Warren Buffett recently came out with his letter to Berkshire Hathaway shareholders, where he not only discusses the performance of Berkshire, but also shares some investing tidbits. In this year’s letter, he made several comments that I felt were spot on during this recent period of volatility. The first being,
“The connection of value building…that I’ve just described will be impossible to detect in the short-term. Stocks surge and swoon seemingly untethered to any year to year buildup in their underlying value. Over time however, Ben Grahams oft-quoted maxim proves true: In the short run the market is a voting machine: in the long-run, however, it is a weighing machine”.
He pointed out that Berkshire Hathaway stock was not spared during the great recession and went down in value over 50% (the share price is up almost four-fold since the lows of 2009). Buffett did not panic during this time either; he made multi-billion-dollar investments in Goldman Sachs, Bank America, and GE, just to name a few.
One other quote I thought worthy of sharing:
“Though markets are generally rational, they occasionally do crazy things. Seizing the opportunities then offered does not require great intelligence, a degree in economics, or a familiarity with Wall Street jargon such as Alpha & Beta. What investors need instead is an ability to both disregard mob fears or enthusiasms, and to focus on a few simple fundamentals.”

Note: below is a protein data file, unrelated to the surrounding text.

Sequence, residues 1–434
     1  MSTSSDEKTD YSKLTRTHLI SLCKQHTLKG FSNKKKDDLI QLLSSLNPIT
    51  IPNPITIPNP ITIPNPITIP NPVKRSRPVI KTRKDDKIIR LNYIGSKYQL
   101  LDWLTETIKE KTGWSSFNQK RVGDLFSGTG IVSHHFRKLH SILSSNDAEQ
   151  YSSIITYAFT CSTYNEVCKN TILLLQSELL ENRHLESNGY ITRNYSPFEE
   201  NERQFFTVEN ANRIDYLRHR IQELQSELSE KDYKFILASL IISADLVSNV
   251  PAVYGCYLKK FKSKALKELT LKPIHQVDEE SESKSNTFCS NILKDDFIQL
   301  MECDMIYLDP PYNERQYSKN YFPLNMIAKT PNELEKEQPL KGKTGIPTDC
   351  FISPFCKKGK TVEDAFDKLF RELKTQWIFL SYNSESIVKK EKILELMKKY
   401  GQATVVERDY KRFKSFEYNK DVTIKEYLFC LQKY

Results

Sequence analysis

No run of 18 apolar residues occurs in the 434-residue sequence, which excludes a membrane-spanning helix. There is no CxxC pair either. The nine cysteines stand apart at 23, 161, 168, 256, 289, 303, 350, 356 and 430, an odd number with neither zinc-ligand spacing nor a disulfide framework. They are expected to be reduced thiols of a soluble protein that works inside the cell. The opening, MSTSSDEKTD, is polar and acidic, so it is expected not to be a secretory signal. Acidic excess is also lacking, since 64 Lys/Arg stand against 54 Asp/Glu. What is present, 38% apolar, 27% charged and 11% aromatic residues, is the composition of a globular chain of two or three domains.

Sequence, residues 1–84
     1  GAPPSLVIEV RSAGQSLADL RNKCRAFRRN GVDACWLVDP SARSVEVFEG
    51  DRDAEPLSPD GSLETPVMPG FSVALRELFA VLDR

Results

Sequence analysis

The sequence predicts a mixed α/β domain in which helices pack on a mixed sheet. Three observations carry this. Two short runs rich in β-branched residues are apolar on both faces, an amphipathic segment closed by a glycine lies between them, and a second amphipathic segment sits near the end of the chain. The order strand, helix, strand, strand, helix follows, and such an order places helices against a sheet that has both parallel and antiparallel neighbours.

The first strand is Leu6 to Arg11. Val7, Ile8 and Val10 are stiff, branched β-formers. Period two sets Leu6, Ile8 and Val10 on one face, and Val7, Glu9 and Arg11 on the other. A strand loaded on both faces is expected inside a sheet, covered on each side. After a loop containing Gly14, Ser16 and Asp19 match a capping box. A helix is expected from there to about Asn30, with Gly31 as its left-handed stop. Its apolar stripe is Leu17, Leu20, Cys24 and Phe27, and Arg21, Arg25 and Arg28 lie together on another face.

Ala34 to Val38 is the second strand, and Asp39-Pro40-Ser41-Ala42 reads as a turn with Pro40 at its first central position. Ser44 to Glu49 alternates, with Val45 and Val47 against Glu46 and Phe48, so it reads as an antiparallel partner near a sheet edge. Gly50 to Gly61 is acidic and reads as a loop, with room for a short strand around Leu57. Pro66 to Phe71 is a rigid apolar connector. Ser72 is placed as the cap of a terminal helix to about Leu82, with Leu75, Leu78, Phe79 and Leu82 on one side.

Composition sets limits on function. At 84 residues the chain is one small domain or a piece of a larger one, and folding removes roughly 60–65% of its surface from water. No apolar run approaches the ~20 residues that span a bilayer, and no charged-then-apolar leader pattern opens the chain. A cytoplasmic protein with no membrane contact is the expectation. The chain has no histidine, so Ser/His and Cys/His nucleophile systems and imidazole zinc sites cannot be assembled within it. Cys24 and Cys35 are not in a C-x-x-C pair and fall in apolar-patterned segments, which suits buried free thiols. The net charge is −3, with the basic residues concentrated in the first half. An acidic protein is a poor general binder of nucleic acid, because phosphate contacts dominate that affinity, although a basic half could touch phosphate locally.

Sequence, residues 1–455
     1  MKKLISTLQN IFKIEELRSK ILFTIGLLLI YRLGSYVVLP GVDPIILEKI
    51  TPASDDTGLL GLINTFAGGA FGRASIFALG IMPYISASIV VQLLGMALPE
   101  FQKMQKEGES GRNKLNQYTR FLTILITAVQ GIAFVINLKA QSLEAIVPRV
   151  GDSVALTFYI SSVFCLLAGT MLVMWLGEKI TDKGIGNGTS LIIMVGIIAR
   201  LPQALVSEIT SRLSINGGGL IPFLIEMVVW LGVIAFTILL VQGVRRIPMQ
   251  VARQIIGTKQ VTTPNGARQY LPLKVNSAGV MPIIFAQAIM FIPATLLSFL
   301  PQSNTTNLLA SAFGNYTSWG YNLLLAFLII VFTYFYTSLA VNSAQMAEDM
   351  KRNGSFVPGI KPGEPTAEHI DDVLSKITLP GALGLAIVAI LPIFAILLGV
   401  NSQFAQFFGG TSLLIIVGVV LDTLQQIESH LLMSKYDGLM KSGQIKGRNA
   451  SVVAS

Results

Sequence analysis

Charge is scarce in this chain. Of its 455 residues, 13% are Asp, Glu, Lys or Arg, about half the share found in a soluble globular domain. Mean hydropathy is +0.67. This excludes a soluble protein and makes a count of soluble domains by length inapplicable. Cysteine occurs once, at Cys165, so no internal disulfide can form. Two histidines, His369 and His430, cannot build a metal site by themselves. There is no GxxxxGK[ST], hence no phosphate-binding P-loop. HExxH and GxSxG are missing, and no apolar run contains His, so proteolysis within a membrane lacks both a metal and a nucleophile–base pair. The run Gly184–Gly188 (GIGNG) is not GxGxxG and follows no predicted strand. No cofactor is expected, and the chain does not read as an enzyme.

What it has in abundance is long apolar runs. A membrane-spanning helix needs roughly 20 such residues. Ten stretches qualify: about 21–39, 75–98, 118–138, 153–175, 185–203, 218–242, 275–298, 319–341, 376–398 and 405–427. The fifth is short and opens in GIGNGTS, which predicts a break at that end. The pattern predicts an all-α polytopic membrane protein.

Many of us invested in the dot-com bubble, and here we are twenty years later, with this euphoria surrounding technology stocks again (aka the FAANG stocks, including Facebook, Apple, Amazon, and Google).
This past Saturday, Yahoo live streamed the question & answer session with Warren Buffett and his partner Charlie Munger from the annual shareholder meeting. It is always interesting to get the perspective on things from the greatest investor of our time, so this is how I spent part of my Saturday. I always find it interesting how shareholders want to ask him about the investments they did not make, like Google and Amazon. Mr. Buffet always comes back around to the solid businesses they have invested in, and how they cannot invest in every company. There were a couple of questions from Chinese investors asking about investing in China and other countries outside of the U.S. He shared how they have made direct investments in China as well as other countries around the world. This has been a change in their philosophy over the past several years from always owning only U.S.-based companies. Mr. Buffett is still “bullish” on the American economy and says there is no other country quite like ours. There was a shareholder question about bitcoin and what their perspective was on crypto-currencies. Mr. Buffett came back with what I think is the best response I have heard yet on crypto-currencies, and it went something like this:
“I am sure checks were very disruptive to other payments methods when they were first introduced, but I doubt anyone invested in them thinking they would go up in value over time.”
The “Oracle of Omaha” is always informative. As much as things change, it’s always amazing to me how investor behavior does not. Investors know there will be volatility in the equity markets, yet every time things get a little dicey, they panic. Let’s heed the Sage’s advice and focus on what we can control.
Brett S. Carleton, CFP®